Get fresh air.  Connect with nature.  It is called Biophilia and it’s effects are proven!Biophilia – the innate human attraction to other living things and a connection to ‘green spaces’ has proven impacts on health & wellbeing (homeostasis).  Also, nature is unconditional and disregards our individuality.  It can allow us to think wider and focus on solutions rather than the problem.  (more of that later!).

What to do about it


Did I say ‘Watch the alcohol’:  The stress response is controlled by a system known as the hypothalamic-pituitary-adrenal (HPA) axis.  Alcohol is known to impact the functioning of the HPA.   Both alcohol consumption and alcohol withdrawal can cause excessive cortisol production.  This, in turn, can alter how we produce and use energy, our mental status, the physical integrity of body tissue (especially bone and muscle tissue) and the immune system’s ability to fight infection.(Adinoff et al. 1998)

Alcohol is also a depressant so we feel less about the problems but actually make it harder to overcome them!  In addition, excessive alcohol is actually its own stressor.

Then it might be useful to take a problem focused strategy.


Deal with the problem directly.  Stop kicking the can down the road.  If it hasn’t got better on its own by now it probably never will!  This might require direct physical or cognitive problem solving.  Both of which are hard because of the stress response! So reconnect first to make this easier.

Take Control.

Direct action may not be possible.  That is OK: instead, take control of what you can.

A big presentation deadline? Prepare, research the facilities, check your resources, practice.

An exam or qualification check? – check out the schedule, the location, any processes you need to follow.

You cannot remove the stressor (the thought of these events) but you can reduce the related stress impacts.


Change the way you think.  A elderly lady wanted a break away.  She booked a luxury hotel break to not be disturbed and to relax. Her suite was splendid and private. Next morning she awoke to piano playing. It went on, intermittently, all morning from the other luxury suite above hers.  She became unable to relax as she found it intrusive.  She became stressed and in the afternoon went to complain about it tot the hotel management.  The manager listened and then explained “The person in the suite is the world’s greatest piano player.  He has a concert tomorrow which has been sold out for months.  You are having a free audience to a master at work.”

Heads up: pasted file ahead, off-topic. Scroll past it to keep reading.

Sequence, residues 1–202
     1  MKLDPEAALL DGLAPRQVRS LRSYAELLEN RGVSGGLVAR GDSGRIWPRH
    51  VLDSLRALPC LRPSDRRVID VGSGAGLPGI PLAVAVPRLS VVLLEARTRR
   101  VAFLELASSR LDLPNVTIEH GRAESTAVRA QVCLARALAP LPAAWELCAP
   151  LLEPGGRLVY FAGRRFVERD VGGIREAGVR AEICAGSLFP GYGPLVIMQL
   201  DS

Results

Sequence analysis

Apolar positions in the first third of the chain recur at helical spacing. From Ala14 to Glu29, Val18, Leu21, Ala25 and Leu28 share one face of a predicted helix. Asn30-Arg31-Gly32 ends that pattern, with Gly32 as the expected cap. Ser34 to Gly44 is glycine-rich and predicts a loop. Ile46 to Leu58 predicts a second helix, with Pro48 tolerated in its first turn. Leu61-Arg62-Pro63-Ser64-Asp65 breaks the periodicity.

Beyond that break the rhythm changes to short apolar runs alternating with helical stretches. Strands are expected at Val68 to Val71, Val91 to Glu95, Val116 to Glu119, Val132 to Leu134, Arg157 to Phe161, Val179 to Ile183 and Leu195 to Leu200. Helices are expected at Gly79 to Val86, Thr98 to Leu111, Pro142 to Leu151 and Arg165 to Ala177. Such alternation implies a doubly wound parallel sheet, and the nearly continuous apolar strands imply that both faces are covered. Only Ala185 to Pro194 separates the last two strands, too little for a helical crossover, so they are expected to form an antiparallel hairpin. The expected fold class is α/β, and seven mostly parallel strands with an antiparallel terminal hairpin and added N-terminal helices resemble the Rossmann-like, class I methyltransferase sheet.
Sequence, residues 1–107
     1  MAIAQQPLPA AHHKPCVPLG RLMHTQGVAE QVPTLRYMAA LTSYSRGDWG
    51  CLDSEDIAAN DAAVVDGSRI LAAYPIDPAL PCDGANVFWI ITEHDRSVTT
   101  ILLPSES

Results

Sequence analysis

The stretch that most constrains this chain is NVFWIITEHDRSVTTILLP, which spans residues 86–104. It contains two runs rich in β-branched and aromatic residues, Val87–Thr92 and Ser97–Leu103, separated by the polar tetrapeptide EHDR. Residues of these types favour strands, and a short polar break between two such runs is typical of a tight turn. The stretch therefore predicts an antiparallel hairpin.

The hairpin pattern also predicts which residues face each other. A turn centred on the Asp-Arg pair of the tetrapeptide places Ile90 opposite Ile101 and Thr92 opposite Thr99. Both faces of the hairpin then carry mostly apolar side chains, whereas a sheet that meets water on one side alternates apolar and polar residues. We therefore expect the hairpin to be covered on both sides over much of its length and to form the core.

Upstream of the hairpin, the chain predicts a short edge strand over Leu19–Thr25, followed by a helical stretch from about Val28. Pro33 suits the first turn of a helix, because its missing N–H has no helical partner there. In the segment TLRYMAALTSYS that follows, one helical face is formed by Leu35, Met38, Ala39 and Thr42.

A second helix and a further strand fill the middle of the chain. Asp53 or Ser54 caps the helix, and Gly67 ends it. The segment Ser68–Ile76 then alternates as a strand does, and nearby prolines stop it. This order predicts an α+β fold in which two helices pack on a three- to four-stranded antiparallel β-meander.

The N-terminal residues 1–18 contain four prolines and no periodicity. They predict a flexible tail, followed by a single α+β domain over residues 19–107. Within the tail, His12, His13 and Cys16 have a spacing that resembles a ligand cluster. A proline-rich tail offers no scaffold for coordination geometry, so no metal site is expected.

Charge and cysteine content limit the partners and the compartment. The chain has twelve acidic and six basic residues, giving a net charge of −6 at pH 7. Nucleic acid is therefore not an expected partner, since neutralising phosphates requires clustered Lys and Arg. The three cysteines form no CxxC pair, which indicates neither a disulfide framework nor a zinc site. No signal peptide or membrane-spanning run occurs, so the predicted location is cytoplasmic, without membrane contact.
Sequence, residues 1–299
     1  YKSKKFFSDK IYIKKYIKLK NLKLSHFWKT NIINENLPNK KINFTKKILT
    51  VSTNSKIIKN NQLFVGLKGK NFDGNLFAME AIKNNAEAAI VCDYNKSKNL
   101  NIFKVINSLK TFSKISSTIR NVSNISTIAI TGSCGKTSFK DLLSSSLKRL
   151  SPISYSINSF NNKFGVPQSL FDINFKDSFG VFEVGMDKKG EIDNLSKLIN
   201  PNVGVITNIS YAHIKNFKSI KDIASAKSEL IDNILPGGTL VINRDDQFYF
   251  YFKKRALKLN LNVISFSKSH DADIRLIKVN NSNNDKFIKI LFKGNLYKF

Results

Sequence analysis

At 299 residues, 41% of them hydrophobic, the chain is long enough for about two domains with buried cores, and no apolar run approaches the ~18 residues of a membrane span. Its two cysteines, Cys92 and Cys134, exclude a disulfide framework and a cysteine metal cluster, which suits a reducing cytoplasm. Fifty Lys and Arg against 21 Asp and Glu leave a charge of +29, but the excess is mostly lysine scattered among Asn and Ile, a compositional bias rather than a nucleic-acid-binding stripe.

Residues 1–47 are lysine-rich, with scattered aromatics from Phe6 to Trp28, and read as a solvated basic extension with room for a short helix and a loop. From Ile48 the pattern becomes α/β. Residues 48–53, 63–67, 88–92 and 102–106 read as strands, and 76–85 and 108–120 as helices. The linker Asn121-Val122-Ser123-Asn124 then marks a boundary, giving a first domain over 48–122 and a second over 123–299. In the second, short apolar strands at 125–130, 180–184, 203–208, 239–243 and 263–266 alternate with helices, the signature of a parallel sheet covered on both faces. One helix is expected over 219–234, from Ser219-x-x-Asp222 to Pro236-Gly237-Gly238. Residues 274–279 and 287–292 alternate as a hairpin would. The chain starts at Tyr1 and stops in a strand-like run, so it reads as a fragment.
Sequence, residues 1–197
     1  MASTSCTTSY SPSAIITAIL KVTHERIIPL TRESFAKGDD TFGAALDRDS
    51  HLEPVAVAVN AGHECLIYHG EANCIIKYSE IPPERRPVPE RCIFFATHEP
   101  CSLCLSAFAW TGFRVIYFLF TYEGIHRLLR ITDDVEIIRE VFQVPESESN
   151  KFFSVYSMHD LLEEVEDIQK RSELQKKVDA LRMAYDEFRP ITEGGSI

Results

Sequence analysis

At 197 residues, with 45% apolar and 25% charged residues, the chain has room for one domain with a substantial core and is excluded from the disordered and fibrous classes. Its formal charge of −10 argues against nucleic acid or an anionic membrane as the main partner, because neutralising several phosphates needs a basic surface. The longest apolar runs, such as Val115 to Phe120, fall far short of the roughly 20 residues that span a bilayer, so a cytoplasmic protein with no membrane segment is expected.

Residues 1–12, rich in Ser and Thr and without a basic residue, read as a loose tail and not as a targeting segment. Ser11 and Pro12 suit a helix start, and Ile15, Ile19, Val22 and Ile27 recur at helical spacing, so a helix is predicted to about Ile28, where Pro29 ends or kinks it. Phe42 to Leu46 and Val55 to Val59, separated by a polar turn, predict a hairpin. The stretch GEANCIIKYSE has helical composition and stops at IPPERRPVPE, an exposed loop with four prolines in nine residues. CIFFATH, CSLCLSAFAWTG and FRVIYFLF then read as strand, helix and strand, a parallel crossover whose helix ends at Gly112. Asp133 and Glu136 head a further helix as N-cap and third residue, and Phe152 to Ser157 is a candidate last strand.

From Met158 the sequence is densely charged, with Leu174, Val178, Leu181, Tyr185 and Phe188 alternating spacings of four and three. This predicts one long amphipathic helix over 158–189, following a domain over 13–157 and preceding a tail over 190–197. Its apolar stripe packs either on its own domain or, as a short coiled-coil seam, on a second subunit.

The lady returned to her suite and enjoyed relaxing to the extra benefit of her stay: her own private concert.

The piano kept playing but she changed her mindset.

We often use psychological defences (Freud….) to deal with an issue. We might need to stop blaming others (deflection) or constantly justifying the situation (rationalisation) because that is easier to do right now (but doesn’t actually solve things!).

Change your focus.

Ever been unable to remember that name ‘on the tip of your tongue’ until you do something else?  It can help now.  Take your mind of this problem.

Be British: Go make a cup of tea – properly, not a rushed teabag in a mug job!  Focus on the process, warm the pot, leave it to brew for 5 mins…set the cups out…Keep calm, do something else AND carry on!  It can be better after a cup of tea, a choccie biscuit (fast release energy!) and a chat about the neighbour’s new car!

All this time you are giving your subconscious time to work.  Ever wonder why teachers tell you to read the whole paper before you start?  It’s because your mind – your subconscious – is working Q9 at the edge of your awareness whilst you are still focusing on writing an answer to Q 2.   This is not the same as ‘kicking the can down the road’.  We may be avoiding direct focus but we are letting our mind work more effectively by giving it space to think properly.

Or just go for a brisk walk with a friend in the park – take your tea with you – and you are hitting several positives in one!!

To be brutal:  The choice is a heart attack, a stroke, substance abuse, marital break-up and more stress OR do something positive to change the situation. Destress..

Your business will thank-you, your clients and colleagues will notice, your friends will thank you and most importantly; Your body, mind and soul will thank-you.

Adinoff B, Iranmanesh A, Veldhuis J, Fisher L. Disturbances of the stress response: the role of the HPA axis during alcohol withdrawal and abstinence. Alcohol Health Res World. 1998;22(1):67-72. PMID: 15706736; PMCID